Gur, T., Conti, A., Holden, J., Bechtholt, A., Hill, T., Lucki, I., Malberg, J., & Blendy, J. (2007). cAMP Response Element-Binding Protein Deficiency Allows for Increased Neurogenesis and a Rapid Onset of Antidepressant Response Journal of Neuroscience, 27 (29), 7860-7868 DOI: 10.1523/JNEUROSCI.2051-07.2007

7 responses so far

  • ENT-TT says:

    Thanks Sci, that made my day!
    I've been curious about variable neurotransmitter sensitivity in humans for a while now, and this opens up all kinds of cool possibilities. Excellent post.

  • Katie says:

    Neat! My research focuses on the neurogenesis theory of depression and norepinephine so this was really fun to read. Great post!

  • BG says:

    There is a typo in the 4th to the last paragraph:
    "But until the forced swim test..."
    Should probably be:
    "But UNLIKE the forced swim test..."
    which makes a bit of difference in the meaning of the sentence.
    Unless you really do have to do the other two tests before the third test shows results, in which case, please disregard the comment.

  • Scicurious says:

    BG: you're right, Typo. My bad.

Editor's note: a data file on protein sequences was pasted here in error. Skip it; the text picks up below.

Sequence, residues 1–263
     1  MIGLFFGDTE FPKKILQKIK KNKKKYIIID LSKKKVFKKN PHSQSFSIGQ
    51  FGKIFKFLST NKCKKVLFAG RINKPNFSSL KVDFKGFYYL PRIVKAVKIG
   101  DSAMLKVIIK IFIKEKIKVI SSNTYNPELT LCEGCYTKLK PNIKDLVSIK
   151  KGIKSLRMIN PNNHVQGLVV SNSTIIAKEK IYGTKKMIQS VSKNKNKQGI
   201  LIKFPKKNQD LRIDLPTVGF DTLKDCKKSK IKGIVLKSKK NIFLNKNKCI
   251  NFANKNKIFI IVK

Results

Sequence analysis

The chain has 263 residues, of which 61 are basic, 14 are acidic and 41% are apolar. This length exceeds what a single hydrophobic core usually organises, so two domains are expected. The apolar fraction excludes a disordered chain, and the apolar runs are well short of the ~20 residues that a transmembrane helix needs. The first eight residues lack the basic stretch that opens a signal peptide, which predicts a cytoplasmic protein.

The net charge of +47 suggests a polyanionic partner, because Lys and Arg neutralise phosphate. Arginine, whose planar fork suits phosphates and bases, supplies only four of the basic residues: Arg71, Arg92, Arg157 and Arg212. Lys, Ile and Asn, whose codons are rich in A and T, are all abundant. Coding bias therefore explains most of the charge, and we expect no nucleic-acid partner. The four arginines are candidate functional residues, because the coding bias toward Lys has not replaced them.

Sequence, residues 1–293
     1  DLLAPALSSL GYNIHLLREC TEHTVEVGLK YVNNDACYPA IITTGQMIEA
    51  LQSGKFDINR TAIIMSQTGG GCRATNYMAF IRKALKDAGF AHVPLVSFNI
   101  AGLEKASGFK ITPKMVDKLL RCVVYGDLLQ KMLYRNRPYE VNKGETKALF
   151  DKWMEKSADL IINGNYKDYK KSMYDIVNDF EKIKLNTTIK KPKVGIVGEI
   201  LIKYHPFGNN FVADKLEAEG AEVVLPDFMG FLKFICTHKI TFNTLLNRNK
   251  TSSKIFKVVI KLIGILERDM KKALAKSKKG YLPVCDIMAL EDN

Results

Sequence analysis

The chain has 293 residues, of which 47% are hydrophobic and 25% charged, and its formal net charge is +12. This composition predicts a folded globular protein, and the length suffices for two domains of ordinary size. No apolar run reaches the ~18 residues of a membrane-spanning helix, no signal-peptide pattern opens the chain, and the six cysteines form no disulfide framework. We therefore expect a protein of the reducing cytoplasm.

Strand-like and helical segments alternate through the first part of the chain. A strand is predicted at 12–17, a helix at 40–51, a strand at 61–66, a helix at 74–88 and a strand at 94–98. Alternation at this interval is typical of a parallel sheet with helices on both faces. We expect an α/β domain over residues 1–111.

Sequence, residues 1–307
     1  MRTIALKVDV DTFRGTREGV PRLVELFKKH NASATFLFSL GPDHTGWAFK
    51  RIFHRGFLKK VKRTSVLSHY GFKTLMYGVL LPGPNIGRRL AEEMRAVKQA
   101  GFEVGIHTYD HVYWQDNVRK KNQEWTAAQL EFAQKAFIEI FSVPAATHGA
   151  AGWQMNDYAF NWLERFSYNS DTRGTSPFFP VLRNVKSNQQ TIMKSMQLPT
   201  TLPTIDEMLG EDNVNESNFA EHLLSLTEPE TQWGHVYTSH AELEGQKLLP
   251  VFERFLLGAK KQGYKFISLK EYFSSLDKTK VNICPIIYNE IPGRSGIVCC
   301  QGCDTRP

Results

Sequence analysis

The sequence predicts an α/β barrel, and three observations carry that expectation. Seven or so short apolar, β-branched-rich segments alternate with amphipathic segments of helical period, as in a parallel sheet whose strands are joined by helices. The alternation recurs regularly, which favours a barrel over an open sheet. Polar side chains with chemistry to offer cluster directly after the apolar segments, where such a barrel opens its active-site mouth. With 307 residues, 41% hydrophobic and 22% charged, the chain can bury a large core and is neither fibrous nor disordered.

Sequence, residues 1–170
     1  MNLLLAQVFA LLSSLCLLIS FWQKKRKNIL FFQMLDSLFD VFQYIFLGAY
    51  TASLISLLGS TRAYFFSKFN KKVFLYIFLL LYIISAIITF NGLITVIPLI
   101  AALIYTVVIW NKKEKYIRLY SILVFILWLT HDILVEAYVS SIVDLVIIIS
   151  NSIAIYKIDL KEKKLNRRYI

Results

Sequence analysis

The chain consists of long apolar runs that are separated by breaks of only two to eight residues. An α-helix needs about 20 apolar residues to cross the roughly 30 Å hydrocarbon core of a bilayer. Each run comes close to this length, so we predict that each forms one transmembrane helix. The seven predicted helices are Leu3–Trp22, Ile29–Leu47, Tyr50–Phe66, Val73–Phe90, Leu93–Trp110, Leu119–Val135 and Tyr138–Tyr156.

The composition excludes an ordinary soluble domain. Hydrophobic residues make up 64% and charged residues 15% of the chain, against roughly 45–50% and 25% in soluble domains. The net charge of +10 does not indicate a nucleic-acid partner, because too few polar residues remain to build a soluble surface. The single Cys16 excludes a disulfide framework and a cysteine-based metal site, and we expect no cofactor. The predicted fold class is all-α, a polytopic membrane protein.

• fog says:

    That is really cool. I read the whole thing I might have actually understood it too. Thanks!

  • Andreas Johansson says:

    And also, as Sci has a cold, I expect all of you to read this post out loud to yourselves in suitably stuffy, gluey Sci-voices.

    I normally "hear" your prose in an upbeat and distinctly girly voice, both of which characteristics I'm poorly placed to emulate. Stuffy and gluey I think I can manage.

  • Passing through says:

    Isn't it the case that caffeine interacts with cAMP?
    A lot of intellectuals and grad student types habitually take in much more caffeine than can be warranted for stimulant effects alone (and usually have sufficient tolerance that they exhibit only minimal physical effects like heart rate or blood pressure).
    Connection? Self medication in pursuit of increased neurogenesis?